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Broken Mirrors/Broken Minds: The Dark Dreams of Dario Argento Paperback – 2010
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Virtually unknown to mainstream moviegoers in the U.S. and even to most connoisseurs of foreign films, Italian director Dario Argento is highly esteemed among aficionados of the cinematic extremities. He's been called the Italian Hitchcock, but his work--11 films in the horror and thriller genres during the last 25 years--is far more lurid and violent than Hitchcock's. Argento often dispenses with such niceties as character development and narrative coherence in favor of the over-the-top effects his fans love; for example, in one film, a killer's madness is illustrated by shots of his pulsating brain. Most of Argento's American following consists of "psychotronic" types who disdain the scholarly critical approach, but for its verve, individualism, and technical virtuosity, Argento's work warrants such treatment. McDonagh strikes an effective balance between intellectuality and enthusiasm, offering film-by-film commentary enlivened by a generous helping of poster and production-still reproductions and topping everything off with a recent interview with Argento in which he admits, "I like when people are disgusted, because it means you've made an impression on them. A deep impression." Gordon Flagg --This text refers to an out of print or unavailable edition of this title.
About the Author
Maitland McDonagh is a film critic and TV commentator who maintains her own Web site, MissFlickChick.com. She was the senior movies editor of TVGuide.com from 1995 to 2008.
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Top customer reviews
As for the rest of the book. The author mentions that Deep Red (one of Argento's key movies) takes place in Rome. The movie is shot in Turin and a famous square of this city is the stage of one of the key scenes in the movie. Not only that, but Turin (for a number of important reasons) is a key city in all of Argento's work. That gives you the scale of how misguided the author of this book is.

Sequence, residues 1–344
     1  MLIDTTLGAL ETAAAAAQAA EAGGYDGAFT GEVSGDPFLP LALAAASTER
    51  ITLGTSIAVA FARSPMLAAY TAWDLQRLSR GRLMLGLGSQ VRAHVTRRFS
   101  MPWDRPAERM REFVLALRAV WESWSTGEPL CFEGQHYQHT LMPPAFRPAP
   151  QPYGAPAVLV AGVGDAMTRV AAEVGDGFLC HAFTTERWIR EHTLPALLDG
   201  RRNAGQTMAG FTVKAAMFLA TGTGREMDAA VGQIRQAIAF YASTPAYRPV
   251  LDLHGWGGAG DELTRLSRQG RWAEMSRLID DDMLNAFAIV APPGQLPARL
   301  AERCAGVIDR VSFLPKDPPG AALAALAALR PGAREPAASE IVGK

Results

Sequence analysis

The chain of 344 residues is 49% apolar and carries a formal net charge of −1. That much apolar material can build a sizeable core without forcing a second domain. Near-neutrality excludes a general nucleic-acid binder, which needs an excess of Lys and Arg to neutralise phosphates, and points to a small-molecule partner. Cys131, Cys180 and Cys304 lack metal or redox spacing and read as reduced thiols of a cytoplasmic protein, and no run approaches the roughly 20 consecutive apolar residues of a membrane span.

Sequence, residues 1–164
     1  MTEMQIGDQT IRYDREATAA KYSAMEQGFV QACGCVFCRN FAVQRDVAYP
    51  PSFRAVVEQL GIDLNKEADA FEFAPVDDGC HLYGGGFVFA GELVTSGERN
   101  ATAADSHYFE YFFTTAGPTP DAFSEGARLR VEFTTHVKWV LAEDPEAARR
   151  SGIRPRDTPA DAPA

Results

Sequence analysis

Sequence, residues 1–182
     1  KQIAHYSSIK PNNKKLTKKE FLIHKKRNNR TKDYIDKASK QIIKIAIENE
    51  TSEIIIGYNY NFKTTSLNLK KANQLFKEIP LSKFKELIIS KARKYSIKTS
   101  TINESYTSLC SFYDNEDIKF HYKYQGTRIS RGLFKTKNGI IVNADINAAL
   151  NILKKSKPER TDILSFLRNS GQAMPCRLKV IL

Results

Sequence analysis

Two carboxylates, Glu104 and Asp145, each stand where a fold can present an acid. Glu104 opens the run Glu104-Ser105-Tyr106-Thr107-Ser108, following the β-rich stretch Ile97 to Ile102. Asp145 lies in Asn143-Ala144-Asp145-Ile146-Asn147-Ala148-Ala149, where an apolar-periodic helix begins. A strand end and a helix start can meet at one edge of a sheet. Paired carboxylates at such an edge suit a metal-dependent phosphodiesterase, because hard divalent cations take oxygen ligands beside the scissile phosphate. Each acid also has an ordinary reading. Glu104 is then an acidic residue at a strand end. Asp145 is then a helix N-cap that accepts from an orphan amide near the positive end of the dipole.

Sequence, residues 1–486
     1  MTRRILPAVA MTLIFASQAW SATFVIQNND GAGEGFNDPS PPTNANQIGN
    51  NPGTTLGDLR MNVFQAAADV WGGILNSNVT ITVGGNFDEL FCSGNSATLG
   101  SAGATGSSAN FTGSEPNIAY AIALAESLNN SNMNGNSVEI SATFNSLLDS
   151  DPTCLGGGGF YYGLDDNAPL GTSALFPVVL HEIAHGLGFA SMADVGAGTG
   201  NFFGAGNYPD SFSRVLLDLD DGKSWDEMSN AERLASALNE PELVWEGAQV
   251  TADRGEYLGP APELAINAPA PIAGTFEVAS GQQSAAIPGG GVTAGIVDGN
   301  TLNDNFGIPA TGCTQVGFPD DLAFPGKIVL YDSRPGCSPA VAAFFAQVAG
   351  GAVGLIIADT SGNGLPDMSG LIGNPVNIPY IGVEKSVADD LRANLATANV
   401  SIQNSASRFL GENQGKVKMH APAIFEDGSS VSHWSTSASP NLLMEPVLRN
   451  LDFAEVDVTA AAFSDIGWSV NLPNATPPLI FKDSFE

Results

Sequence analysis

Unfortunately, not much has been written about Argento's and most of the insightful work is all in italian, so not available to a wider audience. Having said that, the book im reviewing is a very fragile attempt to interpret the work of a master of modern cinema.
On a personal note, i have find rather insulting the fact that the 'updated version' of the book is nothing more that a quick and brute catalogue of argento's more recent work which is dismissed with the sort of 'like/dislike' attitude that you would use to comment on a friends Facebook status. This is not critical reviewing, its fastfood writing.
Its very sad to know that this book could influence the understanding of Argento's opera. Its like having Picasso reviewed by Barbara Walters.
Anyway, i thought the money spent on this book were wasted. My suggestion would be to look for Argento Vivo and find a friend that can translate from the italian version. More importantly, disregard what the author of broken mirror says and watch with an open mind all of argento's work.forget the silly divisions (giallo vs. fantasy, early work vs recent stuff). He is an author, he creates, with his work he talks to us. Embrace him, accept him, rebel against him but give Argento the respect that anybody with a point of view on live and art deserves.
Most recent customer reviews
Worth owning, this.
Just ask anyone at Fangoria, the best-known magazine specializing in horror...Read more